I am no stranger to drama being used for public health messages or to tackle stigmas. My job involves working with writers and researchers to ensure that mental health storylines are both accurately and sensitively approached – as we know that drama has encouraged people to seek help and changed attitudes around mental health problems.
Periods were never shameful in my all-female household. In fact, nothing was off limits; my mum even taught safe sex to young people and those in prisons. But, despite being able to talk about bleeding I did suffer, hugely. As a teenager I used to regularly faint and become anaemic during my monthly ‘visitor’. Over the years I used several birth control methods until I got to the point where I wanted to have children. However, I was sadly the on-in-seven who, having spent years trying not to get pregnant, then realised that infertility was a problem.
Over the last decade I have spent a lot of time experiencing failed pregnancies and IVF treatment, mostly unsuccessfully. But one little embryo did decide to stick around, and I now have a beautiful 4 year-old girl. I have also spent weeks of every year suffering hugely with my bleeding. So painful I must lie down, losing so much blood that I have often left stains on seats, and moods that swing between anger and tears. Add into the mix the peri-menopause, which means my period comes whenever it wants, with no routine. Finally, I’ve had enough.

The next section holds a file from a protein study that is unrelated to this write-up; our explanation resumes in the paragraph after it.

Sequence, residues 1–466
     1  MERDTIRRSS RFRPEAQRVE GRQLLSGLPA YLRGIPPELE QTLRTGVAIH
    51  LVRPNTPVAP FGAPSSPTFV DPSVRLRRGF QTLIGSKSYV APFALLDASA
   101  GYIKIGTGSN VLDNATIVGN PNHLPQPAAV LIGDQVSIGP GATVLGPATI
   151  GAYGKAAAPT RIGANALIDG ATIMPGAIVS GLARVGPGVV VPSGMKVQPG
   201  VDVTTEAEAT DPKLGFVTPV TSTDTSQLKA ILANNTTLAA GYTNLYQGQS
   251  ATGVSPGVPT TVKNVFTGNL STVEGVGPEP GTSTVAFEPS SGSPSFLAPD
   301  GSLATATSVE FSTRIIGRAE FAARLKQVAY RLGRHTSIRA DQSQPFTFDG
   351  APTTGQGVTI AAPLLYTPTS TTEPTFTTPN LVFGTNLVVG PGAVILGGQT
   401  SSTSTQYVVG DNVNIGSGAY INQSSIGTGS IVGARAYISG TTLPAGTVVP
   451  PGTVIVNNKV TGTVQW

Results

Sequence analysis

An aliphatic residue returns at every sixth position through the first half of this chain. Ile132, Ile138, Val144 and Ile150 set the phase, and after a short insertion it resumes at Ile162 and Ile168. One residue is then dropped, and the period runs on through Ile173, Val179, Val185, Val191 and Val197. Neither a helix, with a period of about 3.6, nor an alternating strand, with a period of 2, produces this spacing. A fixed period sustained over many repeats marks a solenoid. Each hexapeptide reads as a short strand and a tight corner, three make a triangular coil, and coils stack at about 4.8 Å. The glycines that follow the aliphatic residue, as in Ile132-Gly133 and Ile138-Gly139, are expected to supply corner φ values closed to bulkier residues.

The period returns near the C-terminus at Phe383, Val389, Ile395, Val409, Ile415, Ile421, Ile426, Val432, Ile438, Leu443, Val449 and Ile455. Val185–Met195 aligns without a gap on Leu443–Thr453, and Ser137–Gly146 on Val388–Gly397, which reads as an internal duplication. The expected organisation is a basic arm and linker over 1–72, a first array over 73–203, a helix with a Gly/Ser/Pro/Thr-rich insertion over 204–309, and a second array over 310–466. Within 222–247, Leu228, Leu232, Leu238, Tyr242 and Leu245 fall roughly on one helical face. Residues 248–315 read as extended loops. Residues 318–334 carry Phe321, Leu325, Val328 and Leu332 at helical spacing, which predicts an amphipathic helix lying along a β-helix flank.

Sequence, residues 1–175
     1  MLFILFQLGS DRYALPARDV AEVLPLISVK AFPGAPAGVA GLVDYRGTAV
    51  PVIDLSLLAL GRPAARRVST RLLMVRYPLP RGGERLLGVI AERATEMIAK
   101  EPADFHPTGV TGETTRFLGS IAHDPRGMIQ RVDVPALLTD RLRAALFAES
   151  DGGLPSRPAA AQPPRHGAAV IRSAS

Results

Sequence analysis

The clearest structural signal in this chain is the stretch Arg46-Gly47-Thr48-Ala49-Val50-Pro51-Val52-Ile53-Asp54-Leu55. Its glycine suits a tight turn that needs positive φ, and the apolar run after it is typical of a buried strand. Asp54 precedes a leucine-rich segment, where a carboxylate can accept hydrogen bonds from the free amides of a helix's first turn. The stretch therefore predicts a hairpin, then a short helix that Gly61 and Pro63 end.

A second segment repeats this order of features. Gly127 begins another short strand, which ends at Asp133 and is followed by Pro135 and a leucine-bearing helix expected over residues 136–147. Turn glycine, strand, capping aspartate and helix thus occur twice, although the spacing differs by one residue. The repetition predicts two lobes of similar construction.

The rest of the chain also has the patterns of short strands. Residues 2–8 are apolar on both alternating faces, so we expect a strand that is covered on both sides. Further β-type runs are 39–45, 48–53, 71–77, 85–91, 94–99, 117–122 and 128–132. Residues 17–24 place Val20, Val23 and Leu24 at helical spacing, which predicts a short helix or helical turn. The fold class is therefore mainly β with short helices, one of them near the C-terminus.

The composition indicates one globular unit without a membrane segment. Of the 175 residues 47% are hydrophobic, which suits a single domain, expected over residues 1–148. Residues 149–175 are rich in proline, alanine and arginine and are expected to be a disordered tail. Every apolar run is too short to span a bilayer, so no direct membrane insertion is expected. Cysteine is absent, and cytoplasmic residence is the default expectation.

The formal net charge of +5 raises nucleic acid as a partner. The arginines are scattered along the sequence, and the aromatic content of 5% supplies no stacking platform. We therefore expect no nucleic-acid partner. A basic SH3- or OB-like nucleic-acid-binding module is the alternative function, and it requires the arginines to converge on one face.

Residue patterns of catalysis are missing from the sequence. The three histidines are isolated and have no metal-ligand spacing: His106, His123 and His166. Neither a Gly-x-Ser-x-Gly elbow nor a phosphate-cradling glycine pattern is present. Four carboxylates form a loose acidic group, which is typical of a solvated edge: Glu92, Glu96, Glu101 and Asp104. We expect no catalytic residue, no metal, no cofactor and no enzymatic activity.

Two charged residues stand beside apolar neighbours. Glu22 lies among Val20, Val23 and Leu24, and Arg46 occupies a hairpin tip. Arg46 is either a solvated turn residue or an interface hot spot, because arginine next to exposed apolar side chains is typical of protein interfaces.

As I sat with my GP and described my problems I realised that this was actually the first time I had spoken to a medical professional about something that had affected my life so much for nearly 30 years. She mentioned that I may have endometriosis. I hadn’t even considered this, as it was the first time I had ever asked for help. We tried medication which didn’t seem to do much, so I got a Mirena coil fitted last week. I have to say it was one of the most painful things I have ever experienced but I am hopeful that things will improve.
I know I am lucky to live in the Western world and to have access to sanitary products and that many women around the world experience period poverty or are even shunned for their periods. However even for me periods are still a source of shame. My four year-old gets really upset when she sees any period blood, and my mother-in-law (who was herself a nurse) was very eager to end the conversation when I started talking about the gushing flow following my coil torture. According to Plan International 48% of girls under 21 are ashamed about their periods. I do talk about periods with my friends, but it is usually a ‘compare and moan’; an acceptance that this is just something we have to put up with.
Back to Doctors, and in one episode they throw a period party where the women of the surgery compare horror stories, eat red foods and even bash up a period themed piñata. I am not sure we are quite ready for this, but something really does have to change. With 50% of the world’s population experiencing this, it really is time to start talking and stop suffering in silence.